Easter V, 10th May 2020
Sometimes I get carried away when I’m doing the weeding and I have to stop myself, especially when it comes to the Vicarage lawn. I stop myself because I can picture what the grass at home would look like sometimes after my father had weeded the lawn. Amid the green grass swaying in the breeze, there would gaps of brown earth, where weeds had been ruthlessly removed. We’re all aware, I guess, that we become more and more like our parents as we get older.
Last Sunday, we celebrated that Jesus is the Good Shepherd and I want to explore a bit more about who He is this Sunday. First among all the ways we come to know Jesus is His Sonship. We might not instantly consider this in our day-to-day experience, but seeing children always tells us something about their parents. This is certainly true of Jesus, as we are reminded in our Gospel today when he answers St Philip’s question by saying, “To have seen me is to have seen the Father.” The word we use in the Creed Sunday by Sunday is “consubstantial” meaning of the same substance. In other words, just as I’m a human being because my parents are human, so Jesus is God because His Father is God. Remind yourself of this as you see the Lord’s Body and Blood: that to have seen Jesus is to have seen the Father.
But the relationship between Jesus and God the Father is more than that between any ordinary parent and son. “To have seen me is to have seen the Father,” indicates a union on quite a different level. Yes, we are all sons of God by adoption and grace; Jesus is the Son of God in a different order, hence the Lord distinguishes in the Gospels when He speaks to Mary Magdalene: “my Father and your Father” (John 20:17). Indeed, Jesus is introduced to us in St John’s Gospel as “the only Son of the Father” (John 1:14). Jesus is therefore not a creature, He is “begotten not made.” This affects how we read the Old Testament. All that we read there happens with Jesus on the scene even though He is not mentioned by name. When Abraham perceives the three person (Genesis 18), there is God the Holy Trinity, three persons and one God. It would be much easier to write off those passages of the Old Testament that seem odd to us as being simply overturned by Jesus, but He is clear He comes to fulfil them (Matthew 5:17). When we read the Scriptures we are looking not at historical events on which we then make our own mind up; we are seeking to discover more of the Living Lord who is Head of the Church today. “Jesus Christ is the same yesterday and today and for ever” (Hebrews 13:8).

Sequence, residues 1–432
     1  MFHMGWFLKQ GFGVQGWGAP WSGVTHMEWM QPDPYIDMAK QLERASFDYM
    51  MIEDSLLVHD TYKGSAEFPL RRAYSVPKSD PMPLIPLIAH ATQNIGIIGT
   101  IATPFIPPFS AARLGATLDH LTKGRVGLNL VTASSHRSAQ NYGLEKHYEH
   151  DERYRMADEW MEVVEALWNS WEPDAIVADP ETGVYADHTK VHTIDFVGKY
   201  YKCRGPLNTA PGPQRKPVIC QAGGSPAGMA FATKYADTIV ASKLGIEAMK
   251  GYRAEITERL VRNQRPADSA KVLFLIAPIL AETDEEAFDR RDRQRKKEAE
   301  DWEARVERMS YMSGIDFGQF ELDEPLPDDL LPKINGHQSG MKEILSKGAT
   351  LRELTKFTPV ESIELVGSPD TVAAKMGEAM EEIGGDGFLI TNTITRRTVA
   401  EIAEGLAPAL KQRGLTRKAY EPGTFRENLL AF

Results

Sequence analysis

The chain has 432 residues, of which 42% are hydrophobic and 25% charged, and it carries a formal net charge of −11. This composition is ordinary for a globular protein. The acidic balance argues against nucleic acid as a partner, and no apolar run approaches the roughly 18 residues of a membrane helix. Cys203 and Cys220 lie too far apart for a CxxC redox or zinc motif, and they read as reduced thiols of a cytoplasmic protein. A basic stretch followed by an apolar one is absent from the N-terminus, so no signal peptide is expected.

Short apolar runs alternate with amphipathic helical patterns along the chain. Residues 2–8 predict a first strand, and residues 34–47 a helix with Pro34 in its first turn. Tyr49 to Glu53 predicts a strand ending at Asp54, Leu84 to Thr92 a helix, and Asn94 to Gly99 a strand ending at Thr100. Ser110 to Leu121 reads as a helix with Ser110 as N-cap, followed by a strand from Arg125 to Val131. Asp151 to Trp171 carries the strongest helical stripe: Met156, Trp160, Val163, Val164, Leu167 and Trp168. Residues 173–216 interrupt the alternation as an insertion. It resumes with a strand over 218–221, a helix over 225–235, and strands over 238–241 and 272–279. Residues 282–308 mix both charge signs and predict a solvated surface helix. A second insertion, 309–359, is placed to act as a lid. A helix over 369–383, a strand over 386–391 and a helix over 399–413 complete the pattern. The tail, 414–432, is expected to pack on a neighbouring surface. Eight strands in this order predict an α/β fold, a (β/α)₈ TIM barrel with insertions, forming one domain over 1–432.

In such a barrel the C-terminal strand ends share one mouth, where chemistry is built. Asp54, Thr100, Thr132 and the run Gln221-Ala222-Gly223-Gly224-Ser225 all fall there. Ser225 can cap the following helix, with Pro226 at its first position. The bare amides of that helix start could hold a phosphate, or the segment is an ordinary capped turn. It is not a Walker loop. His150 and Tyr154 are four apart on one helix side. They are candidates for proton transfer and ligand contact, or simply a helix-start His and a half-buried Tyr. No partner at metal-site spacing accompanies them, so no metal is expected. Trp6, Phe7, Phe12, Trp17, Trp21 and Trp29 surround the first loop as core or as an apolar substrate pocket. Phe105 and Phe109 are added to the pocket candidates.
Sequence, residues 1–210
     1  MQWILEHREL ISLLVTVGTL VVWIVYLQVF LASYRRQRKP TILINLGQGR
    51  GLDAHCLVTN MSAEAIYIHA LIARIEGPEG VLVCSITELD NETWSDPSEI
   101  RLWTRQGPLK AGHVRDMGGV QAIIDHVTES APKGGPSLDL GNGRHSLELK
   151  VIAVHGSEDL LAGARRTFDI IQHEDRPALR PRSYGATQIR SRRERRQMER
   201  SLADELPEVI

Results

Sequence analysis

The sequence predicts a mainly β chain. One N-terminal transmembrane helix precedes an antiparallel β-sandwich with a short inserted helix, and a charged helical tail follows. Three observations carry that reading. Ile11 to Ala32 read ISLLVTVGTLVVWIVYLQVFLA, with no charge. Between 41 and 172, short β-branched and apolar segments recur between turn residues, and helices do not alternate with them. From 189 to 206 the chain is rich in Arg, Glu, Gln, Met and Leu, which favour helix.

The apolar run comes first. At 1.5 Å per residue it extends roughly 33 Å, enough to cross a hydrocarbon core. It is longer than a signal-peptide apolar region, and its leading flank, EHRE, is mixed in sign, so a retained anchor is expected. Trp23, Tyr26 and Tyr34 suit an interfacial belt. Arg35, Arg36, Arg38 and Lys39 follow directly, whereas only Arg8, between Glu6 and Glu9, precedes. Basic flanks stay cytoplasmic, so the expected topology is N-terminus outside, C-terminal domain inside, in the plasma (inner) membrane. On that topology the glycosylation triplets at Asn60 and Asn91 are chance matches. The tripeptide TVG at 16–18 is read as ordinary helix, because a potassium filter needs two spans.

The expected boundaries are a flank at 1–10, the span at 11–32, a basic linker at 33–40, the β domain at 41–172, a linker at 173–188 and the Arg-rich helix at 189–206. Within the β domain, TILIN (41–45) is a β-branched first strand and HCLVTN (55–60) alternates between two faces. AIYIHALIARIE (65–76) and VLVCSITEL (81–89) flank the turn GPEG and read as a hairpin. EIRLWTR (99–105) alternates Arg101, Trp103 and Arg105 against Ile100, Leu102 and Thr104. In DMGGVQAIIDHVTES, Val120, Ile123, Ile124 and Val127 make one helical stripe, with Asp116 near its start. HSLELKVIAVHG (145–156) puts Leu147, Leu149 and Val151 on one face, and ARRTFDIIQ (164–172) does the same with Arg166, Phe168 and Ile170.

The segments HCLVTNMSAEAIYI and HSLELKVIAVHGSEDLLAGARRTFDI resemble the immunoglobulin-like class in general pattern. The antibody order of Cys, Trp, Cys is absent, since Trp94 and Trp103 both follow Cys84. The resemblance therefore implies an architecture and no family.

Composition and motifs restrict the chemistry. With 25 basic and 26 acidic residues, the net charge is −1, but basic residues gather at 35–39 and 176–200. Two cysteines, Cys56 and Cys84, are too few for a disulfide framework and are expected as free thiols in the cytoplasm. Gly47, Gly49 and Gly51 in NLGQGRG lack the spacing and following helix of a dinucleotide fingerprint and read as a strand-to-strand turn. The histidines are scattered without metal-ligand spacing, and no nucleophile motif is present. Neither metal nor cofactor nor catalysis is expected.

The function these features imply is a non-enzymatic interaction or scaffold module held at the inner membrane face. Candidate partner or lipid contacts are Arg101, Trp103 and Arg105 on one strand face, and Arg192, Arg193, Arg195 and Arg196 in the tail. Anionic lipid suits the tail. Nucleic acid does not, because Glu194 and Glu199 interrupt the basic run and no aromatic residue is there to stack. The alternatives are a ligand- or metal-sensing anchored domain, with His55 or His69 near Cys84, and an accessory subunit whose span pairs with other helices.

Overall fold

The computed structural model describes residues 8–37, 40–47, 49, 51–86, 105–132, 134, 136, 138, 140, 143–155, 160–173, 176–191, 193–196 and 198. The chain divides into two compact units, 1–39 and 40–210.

This is why Jehovah’s Witnesses are not Christians: they do not recognise Jesus is God. How on earth can you believe in Jesus and seek to follow Him, if you do not know who He is and do not know Him to be “Lord and God,” as St Thomas declares Him to be (John 20:28)? JWs are likely to respond by quoting passages such as that which we find in John 14:28: “The Father is greater than I,” which will be read at Mass on Tuesday. So, let’s look at this passage.
A large chunk of St John’s Gospel, including this chapter 14, is set at the Last Supper, the night before Jesus died on the Cross, when He institutes the gift of the Mass, His Body and Blood. Jesus has also just washed the disciples feet and given a new commandment. It is the moment therefore when the servant-nature of the Son of God comes to the fore. St Paul reflects a few decades later, in his letter to the Philippians, “Christ emptied Himself, taking the form of a slave … and became obedient to the point of death, even death on a Cross.” God in Christ empties Himself that we might have life. That is only so dramatic and potent because He continues to be truly God. It is God, the Creator of Heaven and Earth, who washes the grubby feet of those fishermen from Galilee.